Instructional Strategies for Teachers
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Teachers should have a variety of instructional strategies at their disposal to reach students regardless of their preferred learning methods. Some instructional strategies teachers might consider include direct instruction, indirect instruction, experiential learning, and independent study.
Direct instruction requires the teacher to take command of the class, often by providing a lecture that details step-by-step instructions for instructions. Indirect instruction, however, is a student-centered strategy. Students have the opportunity to brainstorm, make observations, share ideas, and form hypotheses based on available data. The teacher acts as a facilitator instead of lecturer. In many cases, teachers will choose to use both of these instructional strategies in a class.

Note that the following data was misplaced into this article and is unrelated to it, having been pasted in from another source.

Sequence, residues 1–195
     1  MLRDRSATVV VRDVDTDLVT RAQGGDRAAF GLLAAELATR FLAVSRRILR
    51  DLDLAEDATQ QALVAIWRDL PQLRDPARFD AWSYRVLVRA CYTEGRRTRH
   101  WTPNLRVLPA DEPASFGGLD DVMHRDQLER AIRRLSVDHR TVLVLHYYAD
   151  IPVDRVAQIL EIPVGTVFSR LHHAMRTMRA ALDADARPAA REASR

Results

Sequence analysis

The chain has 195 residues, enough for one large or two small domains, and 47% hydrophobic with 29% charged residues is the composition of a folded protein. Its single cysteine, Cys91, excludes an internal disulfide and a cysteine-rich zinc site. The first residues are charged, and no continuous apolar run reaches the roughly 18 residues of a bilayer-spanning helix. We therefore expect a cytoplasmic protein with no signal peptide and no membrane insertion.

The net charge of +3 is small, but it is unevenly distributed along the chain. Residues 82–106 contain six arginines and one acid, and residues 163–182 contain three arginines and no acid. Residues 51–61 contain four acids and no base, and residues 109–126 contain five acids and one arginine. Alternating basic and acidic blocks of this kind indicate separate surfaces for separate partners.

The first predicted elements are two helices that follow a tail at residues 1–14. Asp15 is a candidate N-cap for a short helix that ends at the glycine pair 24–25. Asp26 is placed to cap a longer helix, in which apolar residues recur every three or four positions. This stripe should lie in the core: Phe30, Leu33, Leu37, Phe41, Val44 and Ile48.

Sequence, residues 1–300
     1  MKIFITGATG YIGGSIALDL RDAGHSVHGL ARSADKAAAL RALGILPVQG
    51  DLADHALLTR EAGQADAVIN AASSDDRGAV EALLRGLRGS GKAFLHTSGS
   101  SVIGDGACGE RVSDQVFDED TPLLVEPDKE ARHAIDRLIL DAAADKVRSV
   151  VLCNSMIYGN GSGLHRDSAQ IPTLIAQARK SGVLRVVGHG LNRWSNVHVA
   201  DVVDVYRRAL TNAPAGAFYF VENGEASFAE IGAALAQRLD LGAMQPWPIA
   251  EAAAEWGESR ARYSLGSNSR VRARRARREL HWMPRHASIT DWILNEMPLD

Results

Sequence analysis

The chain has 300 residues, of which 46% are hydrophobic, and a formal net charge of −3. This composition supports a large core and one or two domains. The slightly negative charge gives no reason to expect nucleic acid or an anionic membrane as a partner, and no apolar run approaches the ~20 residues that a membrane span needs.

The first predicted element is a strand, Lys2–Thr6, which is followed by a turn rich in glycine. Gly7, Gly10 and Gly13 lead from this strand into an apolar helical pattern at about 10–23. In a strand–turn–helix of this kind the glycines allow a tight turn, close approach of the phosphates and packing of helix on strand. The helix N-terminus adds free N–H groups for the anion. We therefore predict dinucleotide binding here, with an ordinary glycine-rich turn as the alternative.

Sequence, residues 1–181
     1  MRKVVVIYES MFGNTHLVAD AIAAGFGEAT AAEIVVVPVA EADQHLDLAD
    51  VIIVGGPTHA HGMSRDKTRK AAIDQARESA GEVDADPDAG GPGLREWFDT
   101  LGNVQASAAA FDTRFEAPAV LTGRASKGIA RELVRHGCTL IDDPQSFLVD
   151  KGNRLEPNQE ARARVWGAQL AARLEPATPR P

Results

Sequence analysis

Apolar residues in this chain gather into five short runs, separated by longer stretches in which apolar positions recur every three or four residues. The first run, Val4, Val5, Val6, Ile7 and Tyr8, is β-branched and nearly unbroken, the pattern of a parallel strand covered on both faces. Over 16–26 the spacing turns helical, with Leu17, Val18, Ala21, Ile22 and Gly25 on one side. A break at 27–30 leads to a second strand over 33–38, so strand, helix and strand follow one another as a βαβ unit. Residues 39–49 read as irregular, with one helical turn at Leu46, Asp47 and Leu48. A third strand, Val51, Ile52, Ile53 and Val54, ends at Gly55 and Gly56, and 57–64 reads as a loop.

Experiential learning gives students a chance to learn through hands-on experience. Instead of aiming for a specific end result, this strategy focuses on the learning process and gives students the opportunity to apply what they have learned to new situations.
Independent study allows students to explore subjects on their own. When done effectively, however, it usually requires a teacher to provide direction and make sure that students are reaching their goals. Many teachers use this strategy to promote self-reliance, confidence, and independent study skills in their students.